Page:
MADISON, Wis. — A federal judge has struck down a law that gives clergy tax-free housing allowances in a decision that could have far-reaching financial ramifications for pastors across the U.S.
In her decision Friday, U.S. District Judge Barbara Crabb in Wisconsin wrote that the exemption “provides a benefit to religious persons and no one else, even though doing so is not necessary to alleviate a special burden on religious exercise,” the Wisconsin State Journal reported.
The Madison-based Freedom From Religion Foundation filed the lawsuit against U.S. Treasury Secretary Jacob Lew and acting IRS commissioner Daniel Werfel. Treasury Department spokeswoman Victoria Esser and IRS spokesman Grant Williams referred questions Saturday to the Department of Justice, which is representing Lew and Werfel.
Under the law, passed by Congress in 1954, ministers don’t pay income taxes on compensation that is designated part of a housing allowance. The Freedom From Religion Foundation says that allows a clergy member to use the untaxed income to purchase a home, and then, in a practice known as “double dipping,” deduct interest paid on the mortgage and property taxes.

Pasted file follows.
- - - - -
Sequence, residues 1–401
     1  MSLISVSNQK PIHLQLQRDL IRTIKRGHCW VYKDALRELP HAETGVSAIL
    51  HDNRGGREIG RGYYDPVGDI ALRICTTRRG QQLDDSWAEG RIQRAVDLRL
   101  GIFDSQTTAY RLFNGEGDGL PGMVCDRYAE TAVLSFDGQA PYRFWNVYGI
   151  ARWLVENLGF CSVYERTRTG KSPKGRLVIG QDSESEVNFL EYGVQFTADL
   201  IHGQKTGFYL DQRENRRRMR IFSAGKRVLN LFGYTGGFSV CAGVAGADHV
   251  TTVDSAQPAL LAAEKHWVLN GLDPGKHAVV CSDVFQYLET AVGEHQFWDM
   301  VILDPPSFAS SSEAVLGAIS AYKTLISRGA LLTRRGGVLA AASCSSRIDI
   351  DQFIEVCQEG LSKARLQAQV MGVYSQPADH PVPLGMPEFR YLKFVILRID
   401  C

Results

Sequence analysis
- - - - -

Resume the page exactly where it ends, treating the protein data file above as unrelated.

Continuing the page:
“It’s a really big deal,” said Annie Laurie Gaylor, co-president of the foundation. “A church currently could pay a minister $50,000 but designate $20,000 of it a housing allowance so that only $30,000 would be taxed as salary.”
In her ruling, Crabb referenced a 2002 statement by then-U.S. Rep. Jim Ramstad of Minnesota that said the exemption would save clergy members $2.3 billion in taxes from 2002-2007. Crabb said the magnitude of the benefit only underscores what’s wrong with the law.
Crabb said the defendants did not identify a reason that a requirement on ministers to pay taxes on a housing allowance is more burdensome for them than for the many millions of others who must pay taxes on income used for housing expenses.
Given the dollar figures at stake, Gaylor expects clergy members to pressure the White House to appeal the decision to the 7th U.S. Circuit Court of Appeals in Chicago.